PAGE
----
good-natured, and healthy. He was delighted to see me, and proceeded to make inquiries respecting the lamentable events of which I had been a witness. I related all to him. The old man listened with attention, removing meanwhile the dead branches.
"Poor Mironoff!" said he, when I had ended my sad recital; "what a pity! He was a good officer, and Madame Mironoff was a good lady, and so clever at salting mushrooms! And what about Masha, the captain's little daughter?"
I replied that she remained at the fortress in charge of the priest's wife.
"Ay, ay, ay!" observed the general, "that's bad, very bad. One cannot possibly rely on the discipline of the robbers. What will become of the poor girl?"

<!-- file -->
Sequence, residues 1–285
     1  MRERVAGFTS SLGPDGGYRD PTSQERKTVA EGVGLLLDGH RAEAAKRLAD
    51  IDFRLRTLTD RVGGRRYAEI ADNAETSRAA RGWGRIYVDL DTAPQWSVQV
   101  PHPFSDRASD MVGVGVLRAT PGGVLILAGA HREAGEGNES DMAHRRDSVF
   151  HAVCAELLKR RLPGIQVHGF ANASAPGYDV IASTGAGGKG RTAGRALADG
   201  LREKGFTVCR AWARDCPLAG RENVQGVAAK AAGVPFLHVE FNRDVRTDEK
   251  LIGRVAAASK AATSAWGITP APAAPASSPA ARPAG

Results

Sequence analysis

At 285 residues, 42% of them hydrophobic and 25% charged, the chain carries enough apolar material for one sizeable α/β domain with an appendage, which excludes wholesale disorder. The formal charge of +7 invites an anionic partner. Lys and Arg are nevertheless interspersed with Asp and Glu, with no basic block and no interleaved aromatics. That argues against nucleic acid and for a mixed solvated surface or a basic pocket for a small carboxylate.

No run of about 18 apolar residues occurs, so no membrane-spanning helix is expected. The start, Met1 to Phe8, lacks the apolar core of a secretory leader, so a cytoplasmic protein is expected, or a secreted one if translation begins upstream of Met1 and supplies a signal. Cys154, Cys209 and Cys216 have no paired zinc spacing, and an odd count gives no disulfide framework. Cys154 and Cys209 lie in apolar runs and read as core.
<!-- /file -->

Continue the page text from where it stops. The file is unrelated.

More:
I replied that Byĕlogorsk, being at no great distance, his excellency would probably not delay in sending troops for the relief of its poor inhabitants.
The general shook his head, doubtfully; "We shall see, we shall see," said he. "We shall have time enough to talk it over. I beg you will do me the favour to come and take a cup of tea. I hold a council of war to-day. You will be able to give us correct information about the miscreant Pougatcheff and his army. In the meantime, go and rest."
I repaired to the rooms assigned to me, where I found Savelitch already engaged putting things in order, and I impatiently awaited the appointed time. The reader will easily understand that I did not fail to appear at the council which was to have such an influence on my